Outliers: The Story of Success by Malcolm Gladwell (Penguin Books 2008)
Rating and Recommendation
9/10 – This has quickly become my favourite read of 2019 so far. I definitely recommend it. I think there is something for everyone in Outliers.
…success follows a predictable course. It is not the brightest who succeed…Nor is success simply the sum of the decisions and efforts we make on our own behalf. It is, rather, a gift. Outliers are those who have been given opportunities – and who have had the strength and presence of mind to seize them.pg 267
You may already be familiar with the name Malcolm Gladwell. If you aren’t yet, I am very happy to introduce you to this reporter, New York Times best-selling author, podcast host/producer and speaker.
Malcolm Gladwell is an established storyteller; his journalistic work can be found in The Washington Post and The New Yorker. He once gave a TED Talk on spaghetti sauce and whilst it was, at its heart, a story about spaghetti sauce, it was about much more than just spaghetti sauce. As I will explain in this review, it is his skill of unravelling a story’s insights – and making the audience part of this journey – that makes his work so engaging. It’s how a story that starts with spaghetti sauce ends as a life lesson about the happiness we humans derive from diversity and choice.
Recently, Malcolm Gladwell’s focus has been on producing and hosting podcasts through his company, Pushkin Industries. His podcast series Revisionist History is one of my top recommendations for anyone looking for a high-quality podcast to add to their library. (I’d suggest you start with the episodes, “McDonald’s Broke My Heart” and “Burden of Proof”)
So, after becoming a fan of his style through Revisionist History, I decided to check out the work he initially became known for – his writing. I began with Outliers.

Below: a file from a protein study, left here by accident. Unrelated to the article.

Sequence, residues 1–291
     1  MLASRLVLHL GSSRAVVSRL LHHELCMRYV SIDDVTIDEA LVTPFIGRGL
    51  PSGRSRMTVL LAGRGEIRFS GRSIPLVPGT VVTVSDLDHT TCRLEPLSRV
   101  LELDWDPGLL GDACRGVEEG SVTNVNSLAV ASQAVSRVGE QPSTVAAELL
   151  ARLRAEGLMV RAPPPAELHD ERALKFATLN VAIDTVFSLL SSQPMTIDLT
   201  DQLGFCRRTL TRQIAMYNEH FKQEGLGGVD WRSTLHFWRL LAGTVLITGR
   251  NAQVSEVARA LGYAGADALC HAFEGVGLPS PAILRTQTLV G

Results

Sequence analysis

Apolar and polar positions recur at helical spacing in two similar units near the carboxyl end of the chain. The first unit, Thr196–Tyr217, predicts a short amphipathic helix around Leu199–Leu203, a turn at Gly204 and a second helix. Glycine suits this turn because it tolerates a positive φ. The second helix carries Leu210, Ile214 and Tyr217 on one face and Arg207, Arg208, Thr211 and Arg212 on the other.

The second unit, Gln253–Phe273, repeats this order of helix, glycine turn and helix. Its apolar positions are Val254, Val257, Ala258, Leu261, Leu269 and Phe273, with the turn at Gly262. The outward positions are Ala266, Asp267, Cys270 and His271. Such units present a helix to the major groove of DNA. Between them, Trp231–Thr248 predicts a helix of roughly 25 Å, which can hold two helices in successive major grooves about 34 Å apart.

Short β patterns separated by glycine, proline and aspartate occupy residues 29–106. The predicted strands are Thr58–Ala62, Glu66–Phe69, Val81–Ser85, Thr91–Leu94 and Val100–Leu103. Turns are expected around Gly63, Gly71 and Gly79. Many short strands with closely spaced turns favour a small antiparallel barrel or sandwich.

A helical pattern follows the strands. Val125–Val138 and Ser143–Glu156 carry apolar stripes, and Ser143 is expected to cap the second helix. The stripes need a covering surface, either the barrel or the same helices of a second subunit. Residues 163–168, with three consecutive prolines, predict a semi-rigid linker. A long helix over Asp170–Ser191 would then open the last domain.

Outliers delivers what it says on its cover: It is about the story of success. Rather than being one continuous story, however, it comprises several stories that serve as case studies. In its two parts, it explores cases of people and organisations that have been particularly successful as well as cases of significant failures.
We are presented with both familiar and unfamiliar stories, ranging from birthdates in the Canadian Hockey League and the 1997 Korean Air plane crash to the lives of Steve Jobs and Bill Gates. He even gives his interpretation of why Asians are so good at maths. I know – I was also incredibly sceptical when I reached this chapter. But by the end of it, I wanted to dig deeper into the ideas behind it because it was a fascinating argument.
What I really enjoyed about Outliers was that there was no way to predict the story that would come next. Reading each chapter was a real learning experience. There was something new to discover even with the stories and characters that we’re all familiar with, such as how Bill Gates came to create Microsoft.
Malcolm Gladwell is not the first writer to try to distil the drivers of success. But what’s different about his story of success is that he doesn’t focus on the individual successful person – their personality, habits and traits. Instead, he looks at the larger picture.
He urges us to move away from an individualistic frame of reference for success and to recognise that factors such as where people come from, who they come from, and when they come from can be pivotal in determining someone’s trajectory for success.
Culture, societal power structures, ancestry – all of these elements can be just as important for success as individual work ethic. Timing can also be crucial.